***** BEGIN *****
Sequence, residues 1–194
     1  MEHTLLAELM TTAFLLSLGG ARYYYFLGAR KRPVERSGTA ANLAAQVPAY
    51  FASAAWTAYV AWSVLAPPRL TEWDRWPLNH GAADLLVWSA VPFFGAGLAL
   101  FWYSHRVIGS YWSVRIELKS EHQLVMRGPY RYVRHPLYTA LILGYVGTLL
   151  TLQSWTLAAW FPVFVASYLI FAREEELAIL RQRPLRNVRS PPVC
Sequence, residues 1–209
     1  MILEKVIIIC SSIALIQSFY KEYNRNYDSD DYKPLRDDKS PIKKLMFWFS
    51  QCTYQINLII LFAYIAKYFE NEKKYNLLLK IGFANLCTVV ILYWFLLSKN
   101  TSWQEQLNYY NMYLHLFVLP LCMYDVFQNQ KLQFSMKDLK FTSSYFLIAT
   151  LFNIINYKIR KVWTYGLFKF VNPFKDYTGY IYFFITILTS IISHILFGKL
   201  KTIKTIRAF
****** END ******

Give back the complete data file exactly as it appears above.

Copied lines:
Sequence, residues 1–194
     1  MEHTLLAELM TTAFLLSLGG ARYYYFLGAR KRPVERSGTA ANLAAQVPAY
    51  FASAAWTAYV AWSVLAPPRL TEWDRWPLNH GAADLLVWSA VPFFGAGLAL
   101  FWYSHRVIGS YWSVRIELKS EHQLVMRGPY RYVRHPLYTA LILGYVGTLL
   151  TLQSWTLAAW FPVFVASYLI FAREEELAIL RQRPLRNVRS PPVC
Sequence, residues 1–209
     1  MILEKVIIIC SSIALIQSFY KEYNRNYDSD DYKPLRDDKS PIKKLMFWFS
    51  QCTYQINLII LFAYIAKYFE NEKKYNLLLK IGFANLCTVV ILYWFLLSKN
   101  TSWQEQLNYY NMYLHLFVLP LCMYDVFQNQ KLQFSMKDLK FTSSYFLIAT
   151  LFNIINYKIR KVWTYGLFKF VNPFKDYTGY IYFFITILTS IISHILFGKL
   201  KTIKTIRAF